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The man from O.L.A.F – Giovanni Kessler

Questioning OLAF’s style could set a dangerous precedent: Europeans want strict codes of conduct for Commissioners.

matthew_vella
Matthew Vella
22 October 2012, 12:00am
Giovanni Kessler, former anti-mafia magistrate, now OLAF chief.
Giovanni Kessler, former anti-mafia magistrate, now OLAF chief.
Giovanni Kessler, 56, has taken centre-stage in the Dalligate affair as the chief of the EU's anti-fraud office OLAF, who made his case - as far as he possibly could given that the matter is now under the Attorney General's review - that John Dalli was aware that Silvio Zammit was using his name to extract some sort of bribe.

Kessler was formerly an Italian MP from 2001 to 2006 of the Democratic Party (the fusion of the Democratic Left, heirs of the Italian communists, and the Margherita Party) and before that, a Christian democrat.

He comes from a political family, the son of Bruno Kessler, a deputy minister of the interior throughout his career. In 1985, Kessler became a magistrate and between 1995 and 1996, worked in Caltanissetta's anti-mafia directorate in Sicily.

His political career started after a brief appointment as head of the OSCE police and justice mission in Kosovo, from December 1998 to July 1999. From September 2006 till August 2008, he was High Commissioner to combat counterfeiting in Italy.

Kessler said Zammit made repeated requests for the €60 million bribe to reverse a snus ban in the Tobacco Products Directive (he did not spell this out, but the broad outline was shaped by the media and its revelations on the matter) even though John Dalli says this was "unthinkable, political suicide".

But Kessler illustrated his point by saying that had he, by way of example, had been aware that a friend of his was claiming he could get some OLAF investigation spiked by paying a bribe, and did nothing about it, then he would be guilty of trading in influence. The allegation is that Dalli did not act on this knowledge.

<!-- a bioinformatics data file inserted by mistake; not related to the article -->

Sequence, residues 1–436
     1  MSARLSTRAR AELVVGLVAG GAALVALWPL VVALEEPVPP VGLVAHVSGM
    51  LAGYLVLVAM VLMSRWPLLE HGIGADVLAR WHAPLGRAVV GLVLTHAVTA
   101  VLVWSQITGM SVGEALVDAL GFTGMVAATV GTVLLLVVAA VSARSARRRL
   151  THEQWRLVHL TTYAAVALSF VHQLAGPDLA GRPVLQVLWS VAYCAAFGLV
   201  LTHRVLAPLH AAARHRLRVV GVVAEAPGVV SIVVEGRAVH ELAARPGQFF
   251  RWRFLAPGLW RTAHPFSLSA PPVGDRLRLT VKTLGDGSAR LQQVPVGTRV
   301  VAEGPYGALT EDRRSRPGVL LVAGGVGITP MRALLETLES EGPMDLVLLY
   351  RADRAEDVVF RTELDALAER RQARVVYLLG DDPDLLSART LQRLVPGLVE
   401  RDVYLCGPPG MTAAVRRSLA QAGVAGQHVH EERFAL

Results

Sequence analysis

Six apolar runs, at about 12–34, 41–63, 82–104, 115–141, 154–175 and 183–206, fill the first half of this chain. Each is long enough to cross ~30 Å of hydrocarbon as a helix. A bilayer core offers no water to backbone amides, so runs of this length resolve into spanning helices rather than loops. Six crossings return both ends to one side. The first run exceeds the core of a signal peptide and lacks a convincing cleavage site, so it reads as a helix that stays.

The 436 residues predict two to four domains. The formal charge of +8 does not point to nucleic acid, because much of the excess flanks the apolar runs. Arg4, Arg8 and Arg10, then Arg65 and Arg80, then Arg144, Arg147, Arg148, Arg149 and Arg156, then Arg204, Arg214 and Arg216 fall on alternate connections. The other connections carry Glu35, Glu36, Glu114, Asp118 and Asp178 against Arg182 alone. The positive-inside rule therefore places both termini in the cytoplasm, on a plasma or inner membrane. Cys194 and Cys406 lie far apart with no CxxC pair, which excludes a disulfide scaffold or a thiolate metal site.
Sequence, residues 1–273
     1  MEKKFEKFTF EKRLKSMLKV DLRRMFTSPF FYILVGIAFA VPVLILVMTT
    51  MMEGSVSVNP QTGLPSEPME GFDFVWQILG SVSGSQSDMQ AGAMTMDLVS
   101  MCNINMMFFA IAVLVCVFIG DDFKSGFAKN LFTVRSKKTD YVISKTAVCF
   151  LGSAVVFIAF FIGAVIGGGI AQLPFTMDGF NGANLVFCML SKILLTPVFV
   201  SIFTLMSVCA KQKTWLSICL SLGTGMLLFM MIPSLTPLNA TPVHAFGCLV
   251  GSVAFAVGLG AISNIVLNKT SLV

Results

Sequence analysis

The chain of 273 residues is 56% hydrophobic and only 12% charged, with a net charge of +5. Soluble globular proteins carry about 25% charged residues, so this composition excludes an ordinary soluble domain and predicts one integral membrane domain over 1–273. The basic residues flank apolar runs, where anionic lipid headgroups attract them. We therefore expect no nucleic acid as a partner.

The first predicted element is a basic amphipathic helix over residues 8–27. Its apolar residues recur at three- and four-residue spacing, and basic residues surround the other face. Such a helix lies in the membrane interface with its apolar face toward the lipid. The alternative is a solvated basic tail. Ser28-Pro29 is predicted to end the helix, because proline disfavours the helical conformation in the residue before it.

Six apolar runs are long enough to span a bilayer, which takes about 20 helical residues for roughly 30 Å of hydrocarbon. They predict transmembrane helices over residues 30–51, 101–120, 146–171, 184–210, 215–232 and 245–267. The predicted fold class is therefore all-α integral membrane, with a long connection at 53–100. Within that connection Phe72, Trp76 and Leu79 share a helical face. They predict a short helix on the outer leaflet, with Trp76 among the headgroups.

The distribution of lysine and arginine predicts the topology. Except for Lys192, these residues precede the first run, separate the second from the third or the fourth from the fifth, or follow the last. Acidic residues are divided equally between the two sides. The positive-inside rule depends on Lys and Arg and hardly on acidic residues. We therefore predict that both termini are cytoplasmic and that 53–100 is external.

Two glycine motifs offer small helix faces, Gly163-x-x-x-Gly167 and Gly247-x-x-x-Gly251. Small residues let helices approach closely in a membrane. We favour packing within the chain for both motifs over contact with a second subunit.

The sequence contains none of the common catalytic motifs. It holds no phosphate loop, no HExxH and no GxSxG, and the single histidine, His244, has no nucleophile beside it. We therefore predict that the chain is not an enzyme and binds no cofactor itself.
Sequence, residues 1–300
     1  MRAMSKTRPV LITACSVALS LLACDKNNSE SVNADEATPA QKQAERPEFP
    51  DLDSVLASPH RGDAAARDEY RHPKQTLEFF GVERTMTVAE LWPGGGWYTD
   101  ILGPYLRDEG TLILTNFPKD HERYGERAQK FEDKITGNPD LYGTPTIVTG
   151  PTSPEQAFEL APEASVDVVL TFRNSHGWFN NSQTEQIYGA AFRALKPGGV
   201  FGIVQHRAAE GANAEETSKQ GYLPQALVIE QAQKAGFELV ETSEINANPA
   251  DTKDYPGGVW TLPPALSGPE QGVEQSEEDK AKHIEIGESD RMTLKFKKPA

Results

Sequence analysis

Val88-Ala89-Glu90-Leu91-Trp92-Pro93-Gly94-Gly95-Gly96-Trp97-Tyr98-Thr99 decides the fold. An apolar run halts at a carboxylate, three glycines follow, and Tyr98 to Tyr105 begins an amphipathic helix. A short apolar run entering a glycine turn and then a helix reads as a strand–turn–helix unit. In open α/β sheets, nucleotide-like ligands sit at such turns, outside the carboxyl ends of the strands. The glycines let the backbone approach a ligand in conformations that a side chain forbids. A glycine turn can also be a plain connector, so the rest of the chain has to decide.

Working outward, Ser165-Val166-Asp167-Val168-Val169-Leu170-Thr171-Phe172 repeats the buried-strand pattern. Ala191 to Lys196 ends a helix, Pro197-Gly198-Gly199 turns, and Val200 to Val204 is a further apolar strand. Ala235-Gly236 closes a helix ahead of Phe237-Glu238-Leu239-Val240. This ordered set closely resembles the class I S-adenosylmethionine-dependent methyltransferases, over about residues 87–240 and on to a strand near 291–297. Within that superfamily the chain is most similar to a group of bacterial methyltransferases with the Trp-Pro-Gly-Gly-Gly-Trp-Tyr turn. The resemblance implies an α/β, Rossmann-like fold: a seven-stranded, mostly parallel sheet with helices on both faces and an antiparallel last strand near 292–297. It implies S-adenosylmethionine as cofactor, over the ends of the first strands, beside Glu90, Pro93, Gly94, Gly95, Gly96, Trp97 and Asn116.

On his part, Dalli has told Jose Barroso in a letter he sent on Sunday that Kessler's remarks may have prejudiced his presumption of innocence.

Kessler;s claims are based on circumstantial evidence of previous meetings which featured both Dalli and Zammit, although there was no direct participation of Dalli in the request for a bribe from Swedish Match.

In a later development, Brussels-based political magazine New Europe attempted to portray Kessler's testimony to an Italian parliamentary committee on counterfeit trade, (noted in a Philip Morris report to the United Kingdom's House of Commons on the effects of unattractive cigarette packaging) as an "example of circumstantial evidence" that sheds some bad light on the OLAF chief for his comment that 85% of UK police officers completing a survey said plain packaging will make counterfeiting easier and cheaper.

This hypothesis could be the worst kind of attempt in inflicting guilt by association (Philip Morris is in a joint venture with Swedish Match to sell snus in the United States) given that Kessler was speaking to the Italian committee in his role as OLAF chief. It should be the Attorney General now who applies himself to prosecuting any wrongdoing.

If anything, OLAF has applied the strict rigour that many Europeans demand of the way the EU works: had Dalli not been made to resign, what would it have said of the EU - or perhaps Jose Barroso and his Commission?

matthew_vella
Matthew Vella is executive editor at MaltaToday.
avatar
Raymond Mintoff
".....that John Dalli was aware that Silvio Zammit was using his name to extract some sort of bribe." How the hell can this proven unless there are recorded tapes, emails, hand written letters or John Dalli saying so infront of two or more people. Otherwise this is all bull shot and Mr Kessler should publish OLAF's evidence. Whatever people might think I still maintain that it was a planned operation involving local politicians.